How to Apply First Aid for a Head Injury

Head injuries are a common occurrence. Unfortunately there are no statistics online for head injuries in Australia, but in England and Wales around 700,000 people attend A&E (Accident & Emergency) each year with a head injury – although 90% of these turn out to be only minor head injuries.

Head injuries are most commonly caused by falls, assaults, and car or motorcycle accidents. Head injuries are particularly common among children – in the UK, 40-50% of people attending A&E with head injuries are children.

Head injuries can be serious, and can result in long term damage if not dealt with properly and promptly. If you encounter someone who has suffered an injury to the head, or if you yourself have suffered a head injury, then you should call the emergency services if any of the following symptoms are apparent:

  •  Severe bleeding from the head or face
  •  Complaints of a severe headache
  •  Confusion, lack of alertness or slurred speech
  •  Change in level of consciousness
  •  Loss of balance
  •  Inability to use the arms or legs
  • Unequal pupil size
  • Seizures

There are a few extra signs to watch out for in children:

  •  Repeatedly refusing to eat
  •  Repeated vomiting
  •  Persistent crying

In the event of severe head trauma or open head wound:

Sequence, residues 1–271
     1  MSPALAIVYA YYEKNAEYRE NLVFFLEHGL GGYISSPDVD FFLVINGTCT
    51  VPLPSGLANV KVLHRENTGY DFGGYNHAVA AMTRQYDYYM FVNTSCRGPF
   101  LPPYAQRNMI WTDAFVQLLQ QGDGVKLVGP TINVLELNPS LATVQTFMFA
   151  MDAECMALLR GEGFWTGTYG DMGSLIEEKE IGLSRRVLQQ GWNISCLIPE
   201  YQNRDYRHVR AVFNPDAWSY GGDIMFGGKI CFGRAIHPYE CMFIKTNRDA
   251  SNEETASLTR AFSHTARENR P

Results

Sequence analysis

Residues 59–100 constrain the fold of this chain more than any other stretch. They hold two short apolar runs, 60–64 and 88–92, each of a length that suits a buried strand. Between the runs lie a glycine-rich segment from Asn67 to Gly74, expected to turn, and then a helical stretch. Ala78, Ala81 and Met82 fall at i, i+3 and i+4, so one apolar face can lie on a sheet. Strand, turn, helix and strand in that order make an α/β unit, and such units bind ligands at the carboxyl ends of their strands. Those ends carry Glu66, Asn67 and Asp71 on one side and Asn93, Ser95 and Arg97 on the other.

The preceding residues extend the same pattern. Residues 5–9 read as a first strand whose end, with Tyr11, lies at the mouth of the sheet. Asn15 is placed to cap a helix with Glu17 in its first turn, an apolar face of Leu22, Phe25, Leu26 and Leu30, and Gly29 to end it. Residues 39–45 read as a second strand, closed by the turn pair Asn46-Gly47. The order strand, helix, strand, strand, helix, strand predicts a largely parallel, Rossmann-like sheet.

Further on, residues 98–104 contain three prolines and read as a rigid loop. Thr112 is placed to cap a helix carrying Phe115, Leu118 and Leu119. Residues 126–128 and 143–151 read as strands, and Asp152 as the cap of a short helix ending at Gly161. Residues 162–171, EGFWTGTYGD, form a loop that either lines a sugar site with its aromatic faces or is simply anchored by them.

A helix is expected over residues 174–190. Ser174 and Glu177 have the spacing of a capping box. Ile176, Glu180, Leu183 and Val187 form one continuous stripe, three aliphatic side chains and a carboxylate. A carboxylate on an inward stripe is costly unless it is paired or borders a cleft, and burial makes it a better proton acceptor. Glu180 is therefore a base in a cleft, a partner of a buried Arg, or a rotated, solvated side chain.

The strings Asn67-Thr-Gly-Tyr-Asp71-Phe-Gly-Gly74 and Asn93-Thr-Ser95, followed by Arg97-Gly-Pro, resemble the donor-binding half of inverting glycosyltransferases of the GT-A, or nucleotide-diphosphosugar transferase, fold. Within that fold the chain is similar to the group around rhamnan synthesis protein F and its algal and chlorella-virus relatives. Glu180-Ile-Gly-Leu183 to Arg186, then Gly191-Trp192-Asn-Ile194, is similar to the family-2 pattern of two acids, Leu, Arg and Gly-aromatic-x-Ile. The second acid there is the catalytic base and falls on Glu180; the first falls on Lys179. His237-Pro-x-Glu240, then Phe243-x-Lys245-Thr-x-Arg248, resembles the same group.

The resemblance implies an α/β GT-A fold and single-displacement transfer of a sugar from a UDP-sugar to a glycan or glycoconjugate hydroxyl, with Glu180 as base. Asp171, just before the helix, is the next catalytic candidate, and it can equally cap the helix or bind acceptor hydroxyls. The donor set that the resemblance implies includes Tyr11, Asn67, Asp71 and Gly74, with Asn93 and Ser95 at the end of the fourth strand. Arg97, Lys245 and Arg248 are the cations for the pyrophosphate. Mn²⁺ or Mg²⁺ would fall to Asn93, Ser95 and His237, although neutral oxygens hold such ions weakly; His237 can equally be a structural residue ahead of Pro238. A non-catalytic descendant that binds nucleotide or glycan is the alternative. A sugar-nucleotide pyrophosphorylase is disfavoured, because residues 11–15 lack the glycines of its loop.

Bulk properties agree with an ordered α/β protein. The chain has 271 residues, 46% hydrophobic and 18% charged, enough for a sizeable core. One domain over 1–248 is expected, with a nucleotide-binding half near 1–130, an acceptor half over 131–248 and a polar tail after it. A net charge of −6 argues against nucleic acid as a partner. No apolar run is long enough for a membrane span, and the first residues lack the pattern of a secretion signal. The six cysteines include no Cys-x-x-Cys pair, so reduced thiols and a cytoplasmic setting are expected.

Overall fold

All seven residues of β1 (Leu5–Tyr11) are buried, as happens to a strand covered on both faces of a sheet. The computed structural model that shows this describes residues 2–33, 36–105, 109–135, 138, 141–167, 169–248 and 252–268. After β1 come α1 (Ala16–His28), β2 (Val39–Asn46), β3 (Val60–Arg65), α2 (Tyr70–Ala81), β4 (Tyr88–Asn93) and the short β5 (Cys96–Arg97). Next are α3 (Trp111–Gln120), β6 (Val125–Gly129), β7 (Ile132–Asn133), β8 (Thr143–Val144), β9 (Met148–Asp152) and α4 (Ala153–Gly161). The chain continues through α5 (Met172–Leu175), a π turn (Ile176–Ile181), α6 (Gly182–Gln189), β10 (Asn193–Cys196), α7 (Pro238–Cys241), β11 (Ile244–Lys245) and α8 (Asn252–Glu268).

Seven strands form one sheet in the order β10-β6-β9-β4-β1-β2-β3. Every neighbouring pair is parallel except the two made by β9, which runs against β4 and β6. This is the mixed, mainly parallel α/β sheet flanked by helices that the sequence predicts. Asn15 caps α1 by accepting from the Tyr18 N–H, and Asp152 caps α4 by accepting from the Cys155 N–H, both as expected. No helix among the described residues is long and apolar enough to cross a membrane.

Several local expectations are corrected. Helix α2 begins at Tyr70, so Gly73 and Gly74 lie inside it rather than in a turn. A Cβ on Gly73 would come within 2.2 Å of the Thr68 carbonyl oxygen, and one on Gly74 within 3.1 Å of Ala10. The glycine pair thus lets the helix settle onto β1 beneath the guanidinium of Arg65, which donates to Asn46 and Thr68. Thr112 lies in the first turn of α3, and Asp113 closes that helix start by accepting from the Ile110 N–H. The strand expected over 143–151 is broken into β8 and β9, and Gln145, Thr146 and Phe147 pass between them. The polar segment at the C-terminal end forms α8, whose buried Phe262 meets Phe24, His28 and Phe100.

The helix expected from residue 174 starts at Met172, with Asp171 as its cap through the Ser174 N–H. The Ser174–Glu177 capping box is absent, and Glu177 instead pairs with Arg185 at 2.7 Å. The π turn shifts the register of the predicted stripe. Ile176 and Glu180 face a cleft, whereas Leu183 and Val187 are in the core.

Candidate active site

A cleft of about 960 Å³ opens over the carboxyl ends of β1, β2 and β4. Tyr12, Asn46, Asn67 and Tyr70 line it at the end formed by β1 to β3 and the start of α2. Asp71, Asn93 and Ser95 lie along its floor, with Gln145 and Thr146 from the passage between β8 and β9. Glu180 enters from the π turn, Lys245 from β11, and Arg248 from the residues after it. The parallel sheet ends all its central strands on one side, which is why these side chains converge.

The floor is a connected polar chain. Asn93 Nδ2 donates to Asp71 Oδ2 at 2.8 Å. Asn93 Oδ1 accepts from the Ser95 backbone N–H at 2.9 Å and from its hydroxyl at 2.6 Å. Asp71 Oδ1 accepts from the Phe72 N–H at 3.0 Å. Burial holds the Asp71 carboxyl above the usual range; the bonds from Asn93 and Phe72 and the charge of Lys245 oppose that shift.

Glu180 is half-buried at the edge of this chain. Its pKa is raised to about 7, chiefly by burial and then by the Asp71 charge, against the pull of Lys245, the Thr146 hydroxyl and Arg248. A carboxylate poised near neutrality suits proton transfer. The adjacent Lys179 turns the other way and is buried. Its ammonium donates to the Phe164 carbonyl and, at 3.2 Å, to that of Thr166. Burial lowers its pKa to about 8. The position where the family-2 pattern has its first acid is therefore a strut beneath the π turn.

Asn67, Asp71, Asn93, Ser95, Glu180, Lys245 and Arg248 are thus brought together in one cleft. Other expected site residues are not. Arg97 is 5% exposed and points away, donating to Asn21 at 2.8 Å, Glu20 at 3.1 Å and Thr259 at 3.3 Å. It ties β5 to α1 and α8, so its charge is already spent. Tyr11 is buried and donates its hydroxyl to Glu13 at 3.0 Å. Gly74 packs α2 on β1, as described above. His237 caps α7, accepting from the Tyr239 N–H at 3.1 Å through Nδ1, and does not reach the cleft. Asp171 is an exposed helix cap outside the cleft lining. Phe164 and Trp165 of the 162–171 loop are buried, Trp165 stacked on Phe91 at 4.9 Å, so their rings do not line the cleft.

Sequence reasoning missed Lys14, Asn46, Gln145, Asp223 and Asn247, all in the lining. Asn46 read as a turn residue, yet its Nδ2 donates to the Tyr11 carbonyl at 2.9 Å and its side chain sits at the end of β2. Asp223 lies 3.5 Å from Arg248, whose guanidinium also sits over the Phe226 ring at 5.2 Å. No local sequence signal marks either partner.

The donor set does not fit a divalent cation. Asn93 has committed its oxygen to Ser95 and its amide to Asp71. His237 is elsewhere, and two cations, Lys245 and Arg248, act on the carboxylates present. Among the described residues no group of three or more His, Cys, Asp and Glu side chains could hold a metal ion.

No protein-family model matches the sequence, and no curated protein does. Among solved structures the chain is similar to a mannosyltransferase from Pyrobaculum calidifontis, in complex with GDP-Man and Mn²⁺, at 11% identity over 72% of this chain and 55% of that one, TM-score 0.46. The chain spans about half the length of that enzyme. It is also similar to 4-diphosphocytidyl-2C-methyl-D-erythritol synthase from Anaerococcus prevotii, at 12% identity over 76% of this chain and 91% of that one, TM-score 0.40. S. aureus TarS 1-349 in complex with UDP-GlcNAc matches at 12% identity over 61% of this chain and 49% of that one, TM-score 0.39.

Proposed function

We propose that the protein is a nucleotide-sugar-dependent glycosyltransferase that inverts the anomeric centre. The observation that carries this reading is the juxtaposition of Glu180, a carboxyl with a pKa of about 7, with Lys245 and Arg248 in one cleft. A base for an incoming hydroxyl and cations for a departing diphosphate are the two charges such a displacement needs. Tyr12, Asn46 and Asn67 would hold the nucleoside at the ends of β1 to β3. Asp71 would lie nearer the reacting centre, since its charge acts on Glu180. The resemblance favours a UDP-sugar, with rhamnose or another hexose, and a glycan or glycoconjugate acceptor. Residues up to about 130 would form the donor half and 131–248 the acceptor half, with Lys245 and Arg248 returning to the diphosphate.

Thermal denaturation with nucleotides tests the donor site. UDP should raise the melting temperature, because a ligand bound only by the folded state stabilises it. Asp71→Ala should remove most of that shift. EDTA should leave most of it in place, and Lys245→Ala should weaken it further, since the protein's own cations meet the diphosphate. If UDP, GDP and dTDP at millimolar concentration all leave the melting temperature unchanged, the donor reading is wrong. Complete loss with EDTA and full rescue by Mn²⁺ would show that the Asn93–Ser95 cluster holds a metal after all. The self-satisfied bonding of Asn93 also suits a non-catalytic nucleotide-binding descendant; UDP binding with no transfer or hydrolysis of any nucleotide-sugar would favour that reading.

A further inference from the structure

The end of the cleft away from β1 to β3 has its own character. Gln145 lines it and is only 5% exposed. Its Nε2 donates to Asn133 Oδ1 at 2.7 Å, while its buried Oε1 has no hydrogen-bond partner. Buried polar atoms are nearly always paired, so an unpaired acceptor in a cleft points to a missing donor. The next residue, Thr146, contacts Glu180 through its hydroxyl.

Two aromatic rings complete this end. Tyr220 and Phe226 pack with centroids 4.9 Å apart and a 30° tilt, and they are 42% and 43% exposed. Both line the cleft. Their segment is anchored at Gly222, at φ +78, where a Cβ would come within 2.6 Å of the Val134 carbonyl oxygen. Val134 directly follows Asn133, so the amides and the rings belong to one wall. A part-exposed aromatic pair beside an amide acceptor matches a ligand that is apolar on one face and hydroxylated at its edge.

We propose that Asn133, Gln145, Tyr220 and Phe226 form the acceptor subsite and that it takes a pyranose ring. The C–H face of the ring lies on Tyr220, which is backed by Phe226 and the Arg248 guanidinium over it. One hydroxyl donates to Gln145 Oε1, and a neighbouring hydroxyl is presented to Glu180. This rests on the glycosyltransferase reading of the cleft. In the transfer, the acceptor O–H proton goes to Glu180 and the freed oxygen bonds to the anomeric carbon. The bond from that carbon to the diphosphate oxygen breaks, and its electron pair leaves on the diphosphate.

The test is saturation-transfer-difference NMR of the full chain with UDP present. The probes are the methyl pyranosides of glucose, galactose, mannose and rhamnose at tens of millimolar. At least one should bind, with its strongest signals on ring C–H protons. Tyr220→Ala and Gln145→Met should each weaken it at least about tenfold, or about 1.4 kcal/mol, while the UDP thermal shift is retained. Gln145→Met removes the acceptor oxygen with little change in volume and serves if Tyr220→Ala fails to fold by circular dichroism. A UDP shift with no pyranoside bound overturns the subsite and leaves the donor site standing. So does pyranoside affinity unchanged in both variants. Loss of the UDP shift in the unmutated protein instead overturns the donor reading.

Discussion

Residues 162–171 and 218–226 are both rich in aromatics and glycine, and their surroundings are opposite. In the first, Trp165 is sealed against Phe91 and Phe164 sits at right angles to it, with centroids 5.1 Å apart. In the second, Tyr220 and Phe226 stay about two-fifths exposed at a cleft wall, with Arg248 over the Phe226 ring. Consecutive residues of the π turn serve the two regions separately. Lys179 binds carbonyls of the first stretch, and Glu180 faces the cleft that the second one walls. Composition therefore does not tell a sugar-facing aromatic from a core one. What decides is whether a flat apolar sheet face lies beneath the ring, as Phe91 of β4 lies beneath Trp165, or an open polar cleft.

•  Keep the casualty still: If the person is wearing a helmet, do not try to remove it. Keep the person lying down and still with their head and shoulders elevated slightly if possible. Do not move the casualty unless essential.
  •  Stop any bleeding: Apply firm pressure to the wound with a clean cloth to stop the bleeding. If you suspect a skull fracture then don’t apply pressure to the wound as this could do further damage.
  •  Monitor breathing and alertness: You may need to provide CPR if the casualty’s circulation stops.

If none of these symptoms are apparent then hospitalization is more than likely unnecessary. But, if you are in doubt, go and see a medical professional.

Complications of a Minor Head Injury
The chances of suffering serious complications from a minor head injury are very unlikely. A study in the UK found that just 14 children out of 200,000 who were admitted with minor head injury needed neurosurgery.

The possible complications which may arise from a minor head injury include:

  •  Long-term headaches
  •  Memory Loss
  •  Difficulty Concentrating

It’s impossible to totally prevent a head injury, but there are things you can do to limit the chances of it happening to you. These things include:

  •  Always wearing a safety helmet when using a motorbike, cycling, skateboarding etc.
  •  Always wear a seat-belt when traveling via motor vehicle
  •  ‘Childproof’ your home and reduce hazards which could lead to a fall
  •  Use the correct safety equipment for DIY, work and sports

Hopefully this post have given you the knowledge you need to be well-prepared if you ever encounter somebody who has suffered a head injury. Remember, for serious head injuries or open wound injuries to the head, calling the emergency services should always be your first action.

Jason has always had a soft spot for technology and gadgetry. When he is not busy with Australia Wide First Aid, he spends his time giving first aid advice, and sharing his passion for technology with others.